Infrastructure at your Service

When you start to write business logic in the database by using triggers or functions/procedures you usually want to report messages to the user that runs your code or you want to include some debugging output for your own. In Oracle a lot of people use the dbms_output package to return simple messages to the user’s screen. In PostgreSQL you can do the same but of course the way it is implemented is not the same. There are basically two parameters that control how much output is returned to the client or to the server’s log file: client_min_messages and log_min_messages.

Let’s start with client_min_messages: The default value of this parameter is ‘NOTICE’ and these are the valid values you cant set:

  • DEBUG5
  • DEBUG4
  • DEBUG3
  • DEBUG2
  • DEBUG1
  • LOG
  • NOTICE
  • WARNING
  • ERROR

A given level excludes all the lower levels, e.g. “LOG” would exclude all the “DEBUG*” levels and the default “NOTICE” will exclude “LOG” as well. The DEBUG* levels are usually not required and if you check the PostgreSQL source code you’ll notice that the highest level of information (DEBUG5) is not used that often while lower levels are used more often:

[email protected]:/home/postgres/postgresql/ [pg13] grep -r "DEBUG5" * | grep -v sgml | wc -l
20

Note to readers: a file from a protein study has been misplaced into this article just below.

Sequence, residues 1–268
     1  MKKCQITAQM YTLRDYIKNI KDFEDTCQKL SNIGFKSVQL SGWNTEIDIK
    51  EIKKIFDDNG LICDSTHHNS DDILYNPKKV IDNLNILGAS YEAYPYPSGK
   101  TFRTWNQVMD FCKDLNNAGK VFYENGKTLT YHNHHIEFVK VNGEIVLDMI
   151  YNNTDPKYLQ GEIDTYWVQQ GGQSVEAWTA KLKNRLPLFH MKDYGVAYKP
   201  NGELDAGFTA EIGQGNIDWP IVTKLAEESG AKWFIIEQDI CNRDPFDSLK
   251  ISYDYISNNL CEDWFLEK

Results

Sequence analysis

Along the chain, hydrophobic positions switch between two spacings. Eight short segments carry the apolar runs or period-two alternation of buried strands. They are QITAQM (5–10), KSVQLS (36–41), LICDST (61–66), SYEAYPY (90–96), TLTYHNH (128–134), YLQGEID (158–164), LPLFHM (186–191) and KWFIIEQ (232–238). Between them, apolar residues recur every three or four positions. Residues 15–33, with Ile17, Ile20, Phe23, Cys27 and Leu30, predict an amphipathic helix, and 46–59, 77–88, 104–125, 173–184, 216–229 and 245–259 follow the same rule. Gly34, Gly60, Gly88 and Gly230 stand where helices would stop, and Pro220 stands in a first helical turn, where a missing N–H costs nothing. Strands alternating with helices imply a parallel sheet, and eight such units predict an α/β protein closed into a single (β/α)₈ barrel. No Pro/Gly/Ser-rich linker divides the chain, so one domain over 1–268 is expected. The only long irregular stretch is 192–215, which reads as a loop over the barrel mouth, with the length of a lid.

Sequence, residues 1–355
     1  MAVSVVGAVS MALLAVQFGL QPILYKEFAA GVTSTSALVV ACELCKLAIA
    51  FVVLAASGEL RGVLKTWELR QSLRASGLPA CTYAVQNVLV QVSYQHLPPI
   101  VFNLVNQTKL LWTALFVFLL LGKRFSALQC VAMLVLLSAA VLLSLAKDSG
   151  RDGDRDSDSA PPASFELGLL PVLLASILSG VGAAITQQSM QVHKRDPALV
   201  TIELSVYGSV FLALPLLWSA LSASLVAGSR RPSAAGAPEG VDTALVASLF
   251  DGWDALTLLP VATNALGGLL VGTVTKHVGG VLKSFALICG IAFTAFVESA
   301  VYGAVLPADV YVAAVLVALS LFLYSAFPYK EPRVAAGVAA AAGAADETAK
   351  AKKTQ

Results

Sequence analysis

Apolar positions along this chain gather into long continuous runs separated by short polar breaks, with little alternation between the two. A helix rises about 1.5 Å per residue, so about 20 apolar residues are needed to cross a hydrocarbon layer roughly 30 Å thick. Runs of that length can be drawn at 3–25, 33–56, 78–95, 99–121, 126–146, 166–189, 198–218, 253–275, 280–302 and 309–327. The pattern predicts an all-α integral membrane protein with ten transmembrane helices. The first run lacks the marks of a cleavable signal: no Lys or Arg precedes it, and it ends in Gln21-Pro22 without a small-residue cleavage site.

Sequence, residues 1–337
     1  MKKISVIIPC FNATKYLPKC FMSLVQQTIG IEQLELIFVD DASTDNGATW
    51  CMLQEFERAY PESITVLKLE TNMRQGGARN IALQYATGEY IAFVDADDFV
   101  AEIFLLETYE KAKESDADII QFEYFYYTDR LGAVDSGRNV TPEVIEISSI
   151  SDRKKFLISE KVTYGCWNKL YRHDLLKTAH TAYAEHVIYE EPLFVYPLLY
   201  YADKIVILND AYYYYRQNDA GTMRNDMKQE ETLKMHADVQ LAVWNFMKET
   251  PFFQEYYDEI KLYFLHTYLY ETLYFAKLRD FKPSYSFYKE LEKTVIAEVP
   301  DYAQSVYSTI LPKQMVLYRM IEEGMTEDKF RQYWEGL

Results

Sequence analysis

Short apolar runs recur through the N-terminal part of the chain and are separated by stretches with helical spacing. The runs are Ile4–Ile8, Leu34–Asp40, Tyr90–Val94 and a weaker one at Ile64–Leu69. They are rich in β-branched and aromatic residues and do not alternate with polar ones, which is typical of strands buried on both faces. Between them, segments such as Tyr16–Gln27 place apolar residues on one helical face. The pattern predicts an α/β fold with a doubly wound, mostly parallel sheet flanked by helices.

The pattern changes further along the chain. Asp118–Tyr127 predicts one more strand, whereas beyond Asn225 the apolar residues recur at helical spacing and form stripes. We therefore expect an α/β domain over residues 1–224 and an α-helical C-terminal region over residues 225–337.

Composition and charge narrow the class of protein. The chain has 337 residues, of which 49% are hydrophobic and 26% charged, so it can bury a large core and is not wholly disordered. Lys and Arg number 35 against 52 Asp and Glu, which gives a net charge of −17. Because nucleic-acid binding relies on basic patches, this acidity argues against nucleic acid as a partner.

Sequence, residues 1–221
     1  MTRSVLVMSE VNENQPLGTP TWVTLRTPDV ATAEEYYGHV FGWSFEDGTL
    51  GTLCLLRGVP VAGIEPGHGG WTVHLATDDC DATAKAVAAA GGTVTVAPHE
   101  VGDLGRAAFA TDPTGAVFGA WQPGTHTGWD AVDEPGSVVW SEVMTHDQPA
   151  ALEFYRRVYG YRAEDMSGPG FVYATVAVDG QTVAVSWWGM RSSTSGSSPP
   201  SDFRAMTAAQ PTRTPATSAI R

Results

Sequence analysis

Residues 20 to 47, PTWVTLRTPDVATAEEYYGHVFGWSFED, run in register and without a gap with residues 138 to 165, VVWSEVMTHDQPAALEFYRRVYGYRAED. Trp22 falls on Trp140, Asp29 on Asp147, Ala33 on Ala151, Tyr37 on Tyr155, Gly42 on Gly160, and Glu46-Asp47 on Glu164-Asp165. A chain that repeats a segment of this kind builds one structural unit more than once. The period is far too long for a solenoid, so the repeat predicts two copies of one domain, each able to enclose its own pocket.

[email protected]:/home/postgres/postgresql/ [pg13] grep -r "DEBUG4" * | grep -v sgml | wc -l
78
[email protected]:/home/postgres/postgresql/ [pg13] grep -r "DEBUG3" * | grep -v sgml | wc -l
64
[email protected]:/home/postgres/postgresql/ [pg13] grep -r "DEBUG2" * | grep -v sgml | wc -l
236
[email protected]:/home/postgres/postgresql/ [pg13] grep -r "DEBUG1" * | grep -v sgml | wc -l
221

Setting the highest level would give a lot of information even for basic tasks:

postgres=# set client_min_messages = 'DEBUG5';
DEBUG:  CommitTransaction(1) name: unnamed; blockState: STARTED; state: INPROGRESS, xid/subid/cid: 0/1/0
SET
postgres=# create table tt1 ( a int );
DEBUG:  StartTransaction(1) name: unnamed; blockState: DEFAULT; state: INPROGRESS, xid/subid/cid: 0/1/0
DEBUG:  CommitTransaction(1) name: unnamed; blockState: STARTED; state: INPROGRESS, xid/subid/cid: 559/1/1
CREATE TABLE
postgres=# create index ii1 on tt1 (a);
DEBUG:  StartTransaction(1) name: unnamed; blockState: DEFAULT; state: INPROGRESS, xid/subid/cid: 0/1/0
DEBUG:  building index "ii1" on table "tt1" serially
DEBUG:  index "ii1" can safely use deduplication
DEBUG:  CommitTransaction(1) name: unnamed; blockState: STARTED; state: INPROGRESS, xid/subid/cid: 560/1/2
CREATE INDEX

Lowering that to “DEBUG1” already reduces the amount of messages:

postgres=# set client_min_messages = 'DEBUG1';
SET
postgres=# create table tt2 ( a int );
CREATE TABLE
postgres=# create index ii2 on tt2 (a);
DEBUG:  building index "ii2" on table "tt2" serially
DEBUG:  index "ii2" can safely use deduplication
CREATE INDEX
postgres=# 

You can use most of the levels to control how much information is given back by your code as well. Let’s assume we have a function like this:

postgres=# create or replace function f_test_msg () returns void 
postgres-# as
postgres-# $$
postgres$# declare
postgres$# begin
postgres$#     raise debug 'This is a DEBUG message';
postgres$# end;